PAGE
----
Lately, though, Barley and I have been craving adventure and wanting to visit somewhere new, so I decided we should investigate the Pennsylvania parks. We started with my childhood favorite, Pymatuning State Park, which was a nice change of scenery but didn't live up to my childhood memories. Last Friday, I decided we should check out Presque Isle State Park. I'd seen the sign when we ventured to Niagara Falls and on our way to Massachusetts last summer, so I knew it wasn't too far from home.
According to the Presque Isle website, the name means "almost an island." The peninsula has tons of interesting things to see and lots of different trails. I studied the website beforehand and knew I wanted to see the Commodore Perry Memorial and the two lighthouses.
The map I looked at online made it hard to tell how far it was between different trails. Few of them connected to one another directly, but there's a multi-use trail that goes around the whole peninsula so I thought that we'd probably be able to piece together the short trails into a nice walk. The speed limit was deceiving, though--it's 25 mph through the whole park, so I felt like we'd been driving forever and finally picked a parking lot off the road, thinking we were close to the Commodore Perry Memorial.
It turns out we were actually 3 miles from the memorial and we could have done the 6 miles it took to get there and back to the car, but then taking the other trails probably wouldn't have happened. We took a short little walk along the main trail just to see the sights.
We drove over to the memorial and tried again. The memorial was interesting. I was familiar with the name Commodore Perry because Great Lakes Brewing Company has a Commodore Perry IPA with a little blurb about him, but I didn't know much about him.
|Yum! This has become my official lucky beer for Pirates games.|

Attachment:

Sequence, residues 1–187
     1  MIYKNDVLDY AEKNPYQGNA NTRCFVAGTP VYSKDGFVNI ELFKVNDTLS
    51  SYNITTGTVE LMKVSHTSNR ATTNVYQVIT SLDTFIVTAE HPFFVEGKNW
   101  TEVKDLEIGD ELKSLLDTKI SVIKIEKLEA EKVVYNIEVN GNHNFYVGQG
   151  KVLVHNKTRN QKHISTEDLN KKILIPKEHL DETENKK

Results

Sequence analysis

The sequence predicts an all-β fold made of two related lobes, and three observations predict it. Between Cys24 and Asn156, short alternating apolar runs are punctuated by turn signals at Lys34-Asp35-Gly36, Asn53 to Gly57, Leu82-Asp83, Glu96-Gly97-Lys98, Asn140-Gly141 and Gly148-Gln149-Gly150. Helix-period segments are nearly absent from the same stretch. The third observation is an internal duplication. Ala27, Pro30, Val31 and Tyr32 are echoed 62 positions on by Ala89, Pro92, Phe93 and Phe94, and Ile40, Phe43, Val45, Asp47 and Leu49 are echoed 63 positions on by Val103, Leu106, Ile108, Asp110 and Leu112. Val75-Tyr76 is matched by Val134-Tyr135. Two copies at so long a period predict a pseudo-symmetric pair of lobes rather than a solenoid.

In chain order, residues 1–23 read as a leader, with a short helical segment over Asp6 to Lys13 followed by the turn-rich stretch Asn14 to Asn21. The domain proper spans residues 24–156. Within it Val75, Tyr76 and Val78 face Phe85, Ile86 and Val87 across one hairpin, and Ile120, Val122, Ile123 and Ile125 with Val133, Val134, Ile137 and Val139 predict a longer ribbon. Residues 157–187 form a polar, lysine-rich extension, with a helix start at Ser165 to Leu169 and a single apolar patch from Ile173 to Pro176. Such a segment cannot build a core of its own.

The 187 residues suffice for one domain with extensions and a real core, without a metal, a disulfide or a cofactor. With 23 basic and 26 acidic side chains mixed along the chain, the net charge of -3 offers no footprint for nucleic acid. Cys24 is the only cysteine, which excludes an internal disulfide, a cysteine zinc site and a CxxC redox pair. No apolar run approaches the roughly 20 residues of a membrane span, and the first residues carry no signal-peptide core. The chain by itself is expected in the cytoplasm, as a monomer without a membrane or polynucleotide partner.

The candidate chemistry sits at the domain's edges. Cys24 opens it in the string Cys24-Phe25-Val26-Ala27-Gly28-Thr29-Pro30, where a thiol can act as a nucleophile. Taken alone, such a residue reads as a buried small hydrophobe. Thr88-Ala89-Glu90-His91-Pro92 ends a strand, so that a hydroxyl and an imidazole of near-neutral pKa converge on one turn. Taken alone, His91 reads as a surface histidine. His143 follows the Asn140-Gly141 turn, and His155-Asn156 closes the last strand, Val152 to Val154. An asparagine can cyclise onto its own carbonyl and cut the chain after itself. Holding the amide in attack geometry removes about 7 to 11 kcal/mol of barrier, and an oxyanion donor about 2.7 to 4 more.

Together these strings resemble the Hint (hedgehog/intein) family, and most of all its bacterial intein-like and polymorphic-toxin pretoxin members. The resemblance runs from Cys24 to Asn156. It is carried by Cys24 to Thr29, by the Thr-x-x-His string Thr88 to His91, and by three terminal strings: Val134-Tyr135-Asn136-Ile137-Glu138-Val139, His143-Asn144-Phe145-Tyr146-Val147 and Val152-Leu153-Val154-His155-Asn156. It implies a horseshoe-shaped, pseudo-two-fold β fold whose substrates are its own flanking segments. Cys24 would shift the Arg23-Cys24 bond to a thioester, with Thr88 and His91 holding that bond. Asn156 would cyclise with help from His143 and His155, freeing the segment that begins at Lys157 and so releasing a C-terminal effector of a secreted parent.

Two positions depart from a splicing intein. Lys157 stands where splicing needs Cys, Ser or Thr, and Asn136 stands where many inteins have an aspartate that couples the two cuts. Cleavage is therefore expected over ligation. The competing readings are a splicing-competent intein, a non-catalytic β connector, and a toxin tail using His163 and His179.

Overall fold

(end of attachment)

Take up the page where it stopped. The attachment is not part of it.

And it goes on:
Perry's fleet stayed in Misery Bay (Erie Brewing Company also has a Misery Bay IPA--who says beer doesn't make you smarter?) during the War of 1812. The Bay protected the fleet while the ships were being built from local timber. According to the signs around the memorial, Perry always seemed to get into situations that seemed impossible, but then at the last possible minute everything would fall into place with him, so people refer to those sorts of situations as "Perry's Luck." Misery Bay got it's name while Perry's fleet was stationed there because his men got smallpox one winter and were quarantined there. Then they were buried in the nearby graveyard pond (which we saw, but we didn't take the trail).
We had the park pretty much to ourselves, so we got to work in some distance on our sit-stays while I tried to get a photo op with Barley and the whole monument.
The map near the memorial suggested that the North Pier Lighthouse was another several miles away, so we hopped in the car and tried to find a closer parking lot to that attraction. The pier was much windier than other locations had been, so I was extra glad I'd brought another layer in the car with me--but I can't complain about the cold because I think in nicer weather there would be far too many other park-goers for us to have a relaxing experience.